The subtitle of this game should be: The Night that Offense Died.
The Pacers shot 36 percent from the field, went 2-for-10 from three-point range, missed seven free throws…and won.
Chicago’s defense made Indiana’s offense look terrible — outside of Paul George — but The Bulls’ offense offset that. Big time.
The Bulls shot 38.4 percent and scored only 76 points at home against a division rival.
If you were wondering whether the Bulls were going to miss Rip Hamilton’s 13.9 points per game — not to mention his ability to move without the ball and keep opposing defenses off balance — the answer is a resounding yes.
Give credit to the Pacers’ D. They were physical. They had active hands. They contested every shot.
However, the Bulls also played poorly, by there standards or any other. The spacing was poor, which led to several turnovers on their interior passes. Speaking of which…
Turnovers, Turnovers, Turnovers:
As mind-numbingly awful as the Bulls were shooting, they probably would have won this game if they’d been able to take care of the basketball. They committed 19 turnovers for 23 points going the other way, which is a large reason why Indiana enjoyed a 14-11 edge in fast break points.
When you consider the Pacers only managed to score 80 points, giving them 23 points off turnovers in a four-point loss is huge.
As I mentioned above, the Pacers were playing tough defense, so some of the turnovers were inevitable. However, others were committed due to poor spacing (which allowed the Pacers to deflect or intercept several interior passes), and still others occurred due to casual, lazy, sloppy passing.
When a team is getting after it on D the way Indiana was, players have to adjust and be extra careful with their passes. The Bulls were not. And they paid for it.
Said Bulls coach Tom Thibodeau: “It usually comes down to too much one-on-one or making a risky pass and not being aware of what is going on. If you’re dancing with the ball and trying to thread the ball, that will lead to turnovers.”
Even with the lousy shooting and careless ball handling, the Bulls still might have eked out a win if they’d taken care of the glass. The Pacers pulled down 16 offensive rebounds. Add that to Chicago’s 19 turnovers, and that’s a lot of extra possessions to give an opposing team in a close game.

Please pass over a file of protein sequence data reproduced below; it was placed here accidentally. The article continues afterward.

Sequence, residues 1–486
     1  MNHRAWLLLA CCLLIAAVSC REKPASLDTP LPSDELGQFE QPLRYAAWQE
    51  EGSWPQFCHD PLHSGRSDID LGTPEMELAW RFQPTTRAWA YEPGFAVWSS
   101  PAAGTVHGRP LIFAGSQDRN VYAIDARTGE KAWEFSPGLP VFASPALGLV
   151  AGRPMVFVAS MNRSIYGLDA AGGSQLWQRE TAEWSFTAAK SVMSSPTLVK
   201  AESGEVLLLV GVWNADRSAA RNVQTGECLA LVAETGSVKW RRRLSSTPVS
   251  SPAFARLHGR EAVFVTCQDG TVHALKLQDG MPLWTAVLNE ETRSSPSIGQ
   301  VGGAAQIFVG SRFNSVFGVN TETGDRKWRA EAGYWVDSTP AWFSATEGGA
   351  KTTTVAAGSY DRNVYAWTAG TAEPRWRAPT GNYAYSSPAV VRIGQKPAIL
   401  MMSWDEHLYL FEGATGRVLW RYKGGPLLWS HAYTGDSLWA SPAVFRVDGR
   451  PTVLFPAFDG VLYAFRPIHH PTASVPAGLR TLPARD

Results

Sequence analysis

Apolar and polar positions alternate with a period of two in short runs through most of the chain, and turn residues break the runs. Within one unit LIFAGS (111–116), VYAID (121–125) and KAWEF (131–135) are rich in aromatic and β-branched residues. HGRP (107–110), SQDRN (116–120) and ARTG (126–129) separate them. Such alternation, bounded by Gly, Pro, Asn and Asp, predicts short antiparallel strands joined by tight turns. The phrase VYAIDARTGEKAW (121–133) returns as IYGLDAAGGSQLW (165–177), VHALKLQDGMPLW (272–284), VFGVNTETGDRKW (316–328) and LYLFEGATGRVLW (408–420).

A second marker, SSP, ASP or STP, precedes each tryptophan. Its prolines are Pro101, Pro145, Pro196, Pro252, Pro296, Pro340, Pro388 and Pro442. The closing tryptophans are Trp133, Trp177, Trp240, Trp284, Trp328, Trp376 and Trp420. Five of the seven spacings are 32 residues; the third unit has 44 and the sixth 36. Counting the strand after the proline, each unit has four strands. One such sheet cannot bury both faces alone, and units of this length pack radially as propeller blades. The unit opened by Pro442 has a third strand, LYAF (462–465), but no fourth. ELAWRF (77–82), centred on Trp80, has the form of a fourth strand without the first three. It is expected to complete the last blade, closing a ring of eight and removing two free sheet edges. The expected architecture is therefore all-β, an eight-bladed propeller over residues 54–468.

And, frankly, some of those lost rebounds were indefensible.
In the first quarter, after George Hill missed a three-pointer, Paul George waltzed in uncontested for a put back dunk. Later the Pacers stole an offensive rebound after a missed free throw, which shouldn’t happen at the high school level, let alone in the NBA.
Meanwhile, the Bulls managed only 6 points off of their 13 offensive boards as the Pacers repeatedly denied them in the paint and around the basket.
Imposing His Will:
The way George played last night, it’s hard to believe he scored zero points on 0-for-7 shooting against the Golden State Warriors in Indiana’s last game.
He was utterly dominant against the Bulls, scoring a season-high 34 points on 14-for-25 shooting to go with 9 rebounds, 3 steals, 2 assists and 2 blocked shots.
Four of his rebounds were on the offensive end.
George hit from everywhere. He hit when he was open. He hit when he was covered. He hit tough shots while fading, leaning, or otherwise falling away from the hoop. Nobody on the Bulls could do anything with him, not even Luol Deng.
Speaking of which, George put some D on Luol, who scored 17 but shot only 5-for-15 from the field and committed 4 turnovers. One of those TOs came in the third quarter when George stripped Deng clean then took it coast-to-coast for a fast break layup.
Watching George almost single-handedly win this one had to have Bulls fans thinking wistfully: “Hey, we used to have a guy like that.”
Derrick Rose is missed. Badly.
Good Nate and Bad Nate:
There is no question that Nate Robinson — who scored a team-high 19 points in 25 minutes off the bench — helped keep the Bulls in this game with his energy and offense.
Nate’s shooting was streaky as usual — he went 2-for-7 from downtown — but he was also the only Chicago player who consistently found his way to the basket. He hit a couple very tough layups and earned several fouls, going 7-for-7 from the line.
Unfortunately, he finished with more turnovers (4) than assists (1) and made several late game blunders that cost the Bulls. He forced a couple quick shots and committed two costly (and rather careless) turnovers in the final minutes. Not surprisingly, Thibodeau pulled Robinson immediately after his final turnover, which happened with 57 seconds left and the Bulls down 76-74.
Bulls fans are coming to realize this is life with Nate Robinson. He’s going to bring wild enthusiasm and explosive bursts of scoring. And he’s going to make mistakes. Not that I’m pinning the loss on him. Not at all. But his crunch time mistakes were definitely part of the team’s losing formula last night.